Yes or No: EFMs Are Making Their Maximum Contribution ūüėĪ A Picture Book ūüė≠

Posted: 12:38 am ET
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Part I: ¬†“EFMs are making their maximum contribution!”

Yes, Sir. Yes.

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Great! Word cloud your maximum contribution.

Note: Eligible Family Members (EFMs) washing their vegetables in Clorox or donating one collapsed lung due to host country pollution are considered normal condition of the service, and do not/not count as contribution.

How many receptions did you host? Did you cook all the meals? Did you massage your diplomat’s tired feet? How do you rate yourself in the¬†perfection scale of a diplomatic hostess?

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See, a perfectly painless exercise!

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Part II: “EFMs are making their maximum contribution.”

No, Sir. No… I mean …

via professionalfangirls.com

So, EFMs are not working as hard as they should in support of the mission.

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No, sir, that’s not what I mean, see … it’s like …

You have an MBA from Wharton and you take any job you can to support the mission,¬†keep your brain from turning into a rusty nail, and keep the bag lady “I’ll live to be 86 with no retirement” nightmare away.

Certainly underpaid, and underemployed but 30.0001% of EFMs are LUCKY if they can get any job. Any  job maybe except as a cheesy hottie in Minsk.

 

But 56.01234% of EFMs do not even have jobs. And see, the 14.0016% who works in the local economy (if there is a bilateral work agreement), may have to give up some of their immunity.

Also if you have to start a business or stick your tongue out, you need permission from the Chief of Mission, who may/may not give it to you.

Then there’s …¬†well, the delicate¬†part.

If your spouse finds a¬†younger¬†model, well, damn, you could be back in the USA looking for a paid job at age 52 with a resume that’s more spotty than, oh lord, a Spotted Trunkfish!

Do you know that …. wait …

 

Too much information? You mean, wouldn’t a “yes” or “no” and a word cloud¬†work just as well?

 

The end? The END!? But … but …. there’s more!

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@StateDept “Listening Tour” Survey Leaks, So Here’s Your Million Dollar Word Cloud

Posted: 4:34 pm PT
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Zachary Fryer-Biggs, Senior Pentagon Reporter covering national security for Jane’s obtained a copy of the internal survey sent out at the ¬†as part of¬†Secretary Tillerson’s “listening tour” through Insigniam.

And then John Hudson, who used to be with¬†¬†and now the¬†Foreign Affairs Correspondent for¬†¬†writes that the survey feels like Office Space, so he came up with all sorts of GIFs (must see, by the way). We thanked¬†John for the GIFs; frankly, we don’t know where to store our¬†laughing teardrops.

John Hudson also asked the State Department for comments, but the now famous Mark Stroh — who is just doing his job — and whose press shop now refuses to acknowledge or respond to inquiries from this blog — came back with an exclamation point!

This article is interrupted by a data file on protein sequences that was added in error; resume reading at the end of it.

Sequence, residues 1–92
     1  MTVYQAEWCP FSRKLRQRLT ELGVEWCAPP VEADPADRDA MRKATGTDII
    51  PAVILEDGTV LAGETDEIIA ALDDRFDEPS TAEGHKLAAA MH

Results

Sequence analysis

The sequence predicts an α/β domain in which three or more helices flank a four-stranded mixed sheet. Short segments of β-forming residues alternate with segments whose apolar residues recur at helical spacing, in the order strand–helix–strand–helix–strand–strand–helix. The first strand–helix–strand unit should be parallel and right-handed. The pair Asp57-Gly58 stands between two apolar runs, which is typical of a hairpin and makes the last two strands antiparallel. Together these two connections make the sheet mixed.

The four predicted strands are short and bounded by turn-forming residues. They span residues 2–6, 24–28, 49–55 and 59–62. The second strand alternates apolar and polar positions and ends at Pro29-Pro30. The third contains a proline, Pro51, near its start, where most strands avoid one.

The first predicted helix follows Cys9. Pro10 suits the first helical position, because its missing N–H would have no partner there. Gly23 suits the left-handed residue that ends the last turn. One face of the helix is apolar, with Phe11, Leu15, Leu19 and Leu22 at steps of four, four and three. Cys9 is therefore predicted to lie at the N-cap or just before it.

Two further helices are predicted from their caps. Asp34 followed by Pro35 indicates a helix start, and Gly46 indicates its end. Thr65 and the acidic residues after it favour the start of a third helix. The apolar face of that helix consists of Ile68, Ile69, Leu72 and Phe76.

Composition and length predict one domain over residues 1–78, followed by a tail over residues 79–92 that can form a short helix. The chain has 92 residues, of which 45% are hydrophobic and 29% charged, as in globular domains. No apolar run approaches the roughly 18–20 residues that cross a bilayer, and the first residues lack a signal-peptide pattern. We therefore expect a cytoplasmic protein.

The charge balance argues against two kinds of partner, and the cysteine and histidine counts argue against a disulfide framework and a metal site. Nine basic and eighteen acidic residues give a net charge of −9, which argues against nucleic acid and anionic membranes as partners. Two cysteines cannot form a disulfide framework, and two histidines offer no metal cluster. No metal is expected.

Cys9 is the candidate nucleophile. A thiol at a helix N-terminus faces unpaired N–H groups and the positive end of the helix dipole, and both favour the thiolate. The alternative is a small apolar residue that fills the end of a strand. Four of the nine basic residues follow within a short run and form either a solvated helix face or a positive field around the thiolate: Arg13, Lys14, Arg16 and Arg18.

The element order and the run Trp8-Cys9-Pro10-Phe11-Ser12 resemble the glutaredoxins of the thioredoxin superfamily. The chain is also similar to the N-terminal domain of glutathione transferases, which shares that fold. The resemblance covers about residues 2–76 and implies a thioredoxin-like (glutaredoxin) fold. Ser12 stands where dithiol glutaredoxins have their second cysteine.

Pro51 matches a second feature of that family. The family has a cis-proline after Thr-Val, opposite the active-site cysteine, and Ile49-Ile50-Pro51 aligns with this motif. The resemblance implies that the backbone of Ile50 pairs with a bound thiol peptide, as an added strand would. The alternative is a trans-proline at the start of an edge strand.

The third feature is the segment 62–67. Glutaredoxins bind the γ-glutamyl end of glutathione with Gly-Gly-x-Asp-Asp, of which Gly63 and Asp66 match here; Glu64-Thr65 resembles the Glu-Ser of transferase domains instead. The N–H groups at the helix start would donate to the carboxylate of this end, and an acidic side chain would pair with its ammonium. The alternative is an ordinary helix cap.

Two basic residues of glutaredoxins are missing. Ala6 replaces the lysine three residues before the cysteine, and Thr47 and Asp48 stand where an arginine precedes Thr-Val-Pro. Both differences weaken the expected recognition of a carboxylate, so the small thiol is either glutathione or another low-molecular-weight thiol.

What if you can’t come up with a word cloud? ¬†To borrow what FBI Director Comey said the other day on teevee, “Lordy, that would be really bad.” So we’ve decided¬†that we all deserve a million dollar word cloud. Here you go. You’re welcome!

 

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@StateDept Ranks #3 in Happiest Senior Executives, Mind the Happiness Gap

Posted: 12:50 am  EDT
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This report is based on the¬†Federal Employee Viewpoint Survey (FEVS),¬†a tool that “measures employees’ perceptions of whether, and to what extent, conditions characterizing successful organizations are present in their agencies.” The full report is available here.

Only 1 in 6 Employees Believe State Dept Senior Leadership Understands FS Work/Life Challenges

Posted: 3:01  am EDT
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Via afsa.org:

In 2014, the American Foreign Service Association (AFSA) commissioned a third-party survey to better understand members’ views of AFSA as a professional association and union, as well as their opinions on AFSA’s advocacy and labor management priorities.  Of the nearly 3,500 responses, 1,600 came from active-duty State members who responded to State-specific questions.

The infographics made available by AFSA (pdf) notes that 40% agree or strongly agree that slowing promotion rates, limited career advancement, or a lack of professional development opportunities is causing them to consider leaving the Foreign Service. It also notes the membership opinion on quality of work and life issues as well as security issues.

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We are still hunting down a copy of the full membership survey.  We should note that AFSA is the professional association and labor union of the United States Foreign Service with more than 16,345 dues-paying members. According to its 2014 annual report, it has 10,664 members who are in active-duty with the State Department and 3,717 members who are retired employees. Looks like 15% of the active service members and 51% of retired members participated in this survey.

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